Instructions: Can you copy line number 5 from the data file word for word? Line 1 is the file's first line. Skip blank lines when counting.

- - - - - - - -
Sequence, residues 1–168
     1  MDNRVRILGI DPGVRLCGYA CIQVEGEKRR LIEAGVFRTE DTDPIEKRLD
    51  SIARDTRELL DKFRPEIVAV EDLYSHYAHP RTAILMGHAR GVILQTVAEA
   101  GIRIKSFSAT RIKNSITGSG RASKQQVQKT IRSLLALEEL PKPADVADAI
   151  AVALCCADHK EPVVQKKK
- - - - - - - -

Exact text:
   151  AVALCCADHK EPVVQKKK